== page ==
Not only did church leaders challenge the cutthroat capitalism that dehumanized a major segment of the American population, but they sought to do something about the rampant destitution that ravaged lives in the inner cities. As Doug Morgan reports, Adventists were at the forefront of urban programs that provided shelter and skills training for the victims of a feudal system where those on top have no concern for the least of these. Additionally, the church did not shy away from its disdain for war that claimed innocent lives. They understood that no true citizen of the kingdom would applaud the carnage caused by war; no person with the mind of Christ will be satisfied with the explanation that innocent casualties of American aggression should be listed in the margins as “collateral damage.”
As I reflect on the bold stances taken by a people who understood the implications of being a prophetic movement, I wonder why my church chooses to remain silent in the face of the many injustices that confront our society today. I wonder why we choose to disengage from the national dialogue, not realizing that it is never possible to remain neutral. Indeed, it was Desmond Tutu who said, “If an elephant is stepping on the foot of a mouse, the mouse would not appreciate your neutrality” (my paraphrase). Our silence in kairos moments can indeed be deafening.
But must we be silent? Must we be silent when a xenophobic people forget that their ancestors did not have to formally apply for residency when they displaced the Sioux and Apache after landing on these shores on ships constructed in Europe? Must we be silent when unthinking people realize that the real problem with “our jobs” is not that foreigners are coming in and taking them, but wealthy American citizens who run the corporations and collect the dividends are exporting them? Must we be silent when a government enters into regional treaties that benefits the countries in the north and hurts the country in the south? Must we be silent?
Must we be silent when the gap between the haves and the have nots continues to widen? Must we be silent when so called Christian candidates for the presidency object to the fait taxation of the wealthiest Americans who benefit the most from the system? Must we be silent when a government uses public funds to bail out institutions that wrecked the economy and does nothing to alleviate the burden of the poor and middle class crippled under the weight of consumer and academic debt? Must we be silent?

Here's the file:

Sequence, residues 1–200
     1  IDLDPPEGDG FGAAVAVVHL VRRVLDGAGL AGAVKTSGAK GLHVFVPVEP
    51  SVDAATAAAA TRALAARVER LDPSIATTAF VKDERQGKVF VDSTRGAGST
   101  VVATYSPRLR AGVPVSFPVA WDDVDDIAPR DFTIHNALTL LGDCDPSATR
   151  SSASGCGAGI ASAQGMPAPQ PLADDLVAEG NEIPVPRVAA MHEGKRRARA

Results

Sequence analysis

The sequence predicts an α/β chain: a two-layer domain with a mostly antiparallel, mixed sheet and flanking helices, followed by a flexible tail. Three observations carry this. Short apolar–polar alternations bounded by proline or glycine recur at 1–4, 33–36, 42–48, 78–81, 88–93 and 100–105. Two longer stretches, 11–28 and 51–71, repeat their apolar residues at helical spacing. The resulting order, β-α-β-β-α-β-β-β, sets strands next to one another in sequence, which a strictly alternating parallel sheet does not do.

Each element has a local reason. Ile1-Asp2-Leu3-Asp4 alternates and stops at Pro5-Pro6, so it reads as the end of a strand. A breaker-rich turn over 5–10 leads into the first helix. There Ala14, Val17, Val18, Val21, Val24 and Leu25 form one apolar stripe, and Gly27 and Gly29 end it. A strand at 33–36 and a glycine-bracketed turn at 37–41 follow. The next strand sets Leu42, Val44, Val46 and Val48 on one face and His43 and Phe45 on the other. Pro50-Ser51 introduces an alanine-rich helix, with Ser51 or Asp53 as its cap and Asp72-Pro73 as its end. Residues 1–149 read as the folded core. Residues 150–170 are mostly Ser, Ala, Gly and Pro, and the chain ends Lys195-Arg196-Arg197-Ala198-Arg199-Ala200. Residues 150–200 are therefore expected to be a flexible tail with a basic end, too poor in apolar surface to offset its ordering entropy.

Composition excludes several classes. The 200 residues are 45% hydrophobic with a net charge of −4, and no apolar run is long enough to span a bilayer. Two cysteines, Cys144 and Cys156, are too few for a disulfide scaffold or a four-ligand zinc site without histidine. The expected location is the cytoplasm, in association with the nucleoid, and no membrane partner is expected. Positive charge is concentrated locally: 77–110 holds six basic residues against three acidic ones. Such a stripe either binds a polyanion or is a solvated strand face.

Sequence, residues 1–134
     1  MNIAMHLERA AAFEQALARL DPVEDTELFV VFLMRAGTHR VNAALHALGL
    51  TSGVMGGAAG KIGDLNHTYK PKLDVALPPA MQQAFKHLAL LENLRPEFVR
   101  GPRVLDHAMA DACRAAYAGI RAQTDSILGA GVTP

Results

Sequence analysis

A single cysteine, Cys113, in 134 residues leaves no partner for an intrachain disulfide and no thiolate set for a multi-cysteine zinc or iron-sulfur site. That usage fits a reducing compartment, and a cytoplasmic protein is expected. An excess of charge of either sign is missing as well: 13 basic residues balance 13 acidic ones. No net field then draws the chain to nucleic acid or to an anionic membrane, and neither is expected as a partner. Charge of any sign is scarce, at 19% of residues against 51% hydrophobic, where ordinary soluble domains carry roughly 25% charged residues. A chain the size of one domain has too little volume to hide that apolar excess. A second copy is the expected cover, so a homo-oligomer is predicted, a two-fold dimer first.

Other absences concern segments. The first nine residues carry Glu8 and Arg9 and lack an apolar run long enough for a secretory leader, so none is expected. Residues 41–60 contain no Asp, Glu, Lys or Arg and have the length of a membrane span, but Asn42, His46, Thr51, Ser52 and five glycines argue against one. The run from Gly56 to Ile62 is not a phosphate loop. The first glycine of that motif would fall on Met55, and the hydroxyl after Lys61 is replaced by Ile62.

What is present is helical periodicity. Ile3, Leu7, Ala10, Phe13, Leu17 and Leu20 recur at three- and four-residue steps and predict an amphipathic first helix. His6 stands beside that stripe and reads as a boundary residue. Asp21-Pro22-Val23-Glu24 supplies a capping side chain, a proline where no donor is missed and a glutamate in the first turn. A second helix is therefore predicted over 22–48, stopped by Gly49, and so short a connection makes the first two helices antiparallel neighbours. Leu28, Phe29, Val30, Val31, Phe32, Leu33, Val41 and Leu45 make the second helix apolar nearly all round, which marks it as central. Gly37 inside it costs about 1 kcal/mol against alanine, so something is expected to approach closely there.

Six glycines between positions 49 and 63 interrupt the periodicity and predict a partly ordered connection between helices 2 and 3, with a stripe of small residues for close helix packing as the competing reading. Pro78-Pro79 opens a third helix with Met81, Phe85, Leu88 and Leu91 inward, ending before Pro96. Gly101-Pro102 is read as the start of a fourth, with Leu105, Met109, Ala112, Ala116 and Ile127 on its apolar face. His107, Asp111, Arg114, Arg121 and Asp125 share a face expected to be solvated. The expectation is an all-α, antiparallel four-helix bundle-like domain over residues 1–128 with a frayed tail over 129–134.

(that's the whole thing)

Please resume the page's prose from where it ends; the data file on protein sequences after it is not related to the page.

Must we be silent when the cost of health care continues to rise and access to affordable health care consequently falls? Must we be silent when elected officials with six-figure salaries get to choose from an exotic menu of health care providers paid for by public money, but don’t think twice about voting against a public option? Must we be silent when state governments (e.g. Texas) deny funding to family planning clinics, because–although not performing abortions–some counselors may offer it as an option? Must we be silent?
Must we be silent as the spirit of war permeates the soul of a nation and churches boldly promote the government’s agenda in blatant defiance to the Prince of Peace? Must we be silent as the current administration continues destructive policies from the previous one and maintains detention camps in Guantanamo Bay where human beings are detained without due process of law? Must we be silent about the more than 1,000 military installations that the United States operates on foreign soil? Must we be silent when more and more Adventists see nothing wrong in volunteering for a military that teaches them to kill without conscience? Must we be silent?
As you contemplate your response to these questions, always remember that a tree is known by its fruit.
Keith Augustus Burton is the Coordinator for the Center of Adventist-Muslim Relations at Oakwood University. He also contributed to the volume, The Peace Making Remnant, published by Adventist Peace Fellowship.
This is a companion discussion topic for the original entry at http://spectrummagazine.org/node/3443